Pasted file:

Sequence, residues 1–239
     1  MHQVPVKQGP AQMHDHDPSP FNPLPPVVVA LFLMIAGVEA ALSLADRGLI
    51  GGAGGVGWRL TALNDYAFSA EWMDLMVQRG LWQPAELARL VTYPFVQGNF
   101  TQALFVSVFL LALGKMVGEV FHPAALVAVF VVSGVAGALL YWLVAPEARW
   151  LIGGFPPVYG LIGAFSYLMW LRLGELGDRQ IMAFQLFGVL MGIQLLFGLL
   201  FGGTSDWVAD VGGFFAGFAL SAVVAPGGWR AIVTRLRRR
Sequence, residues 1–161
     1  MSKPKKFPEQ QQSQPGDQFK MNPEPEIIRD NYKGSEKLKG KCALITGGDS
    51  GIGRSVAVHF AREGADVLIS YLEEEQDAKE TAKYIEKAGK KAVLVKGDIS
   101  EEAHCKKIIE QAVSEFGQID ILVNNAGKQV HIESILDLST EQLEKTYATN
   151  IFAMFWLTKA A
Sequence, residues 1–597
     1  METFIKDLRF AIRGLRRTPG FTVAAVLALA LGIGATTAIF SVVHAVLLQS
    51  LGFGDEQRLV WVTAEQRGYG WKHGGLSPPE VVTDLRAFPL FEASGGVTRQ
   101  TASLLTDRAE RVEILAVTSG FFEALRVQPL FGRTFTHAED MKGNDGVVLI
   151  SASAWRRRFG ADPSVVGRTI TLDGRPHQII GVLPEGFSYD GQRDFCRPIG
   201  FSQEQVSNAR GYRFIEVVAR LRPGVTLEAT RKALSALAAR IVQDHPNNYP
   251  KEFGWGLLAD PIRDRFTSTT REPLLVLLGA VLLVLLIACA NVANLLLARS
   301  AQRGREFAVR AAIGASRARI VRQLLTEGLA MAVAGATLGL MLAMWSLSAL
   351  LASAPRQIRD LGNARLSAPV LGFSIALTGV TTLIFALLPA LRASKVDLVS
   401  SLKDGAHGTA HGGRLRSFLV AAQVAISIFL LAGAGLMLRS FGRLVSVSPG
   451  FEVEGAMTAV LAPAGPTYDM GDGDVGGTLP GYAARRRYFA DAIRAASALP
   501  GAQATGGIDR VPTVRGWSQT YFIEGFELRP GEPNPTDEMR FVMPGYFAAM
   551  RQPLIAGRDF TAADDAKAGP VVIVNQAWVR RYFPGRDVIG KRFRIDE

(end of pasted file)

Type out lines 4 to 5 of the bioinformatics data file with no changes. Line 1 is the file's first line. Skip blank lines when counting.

   101  TQALFVSVFL LALGKMVGEV FHPAALVAVF VVSGVAGALL YWLVAPEARW
   151  LIGGFPPVYG LIGAFSYLMW LRLGELGDRQ IMAFQLFGVL MGIQLLFGLL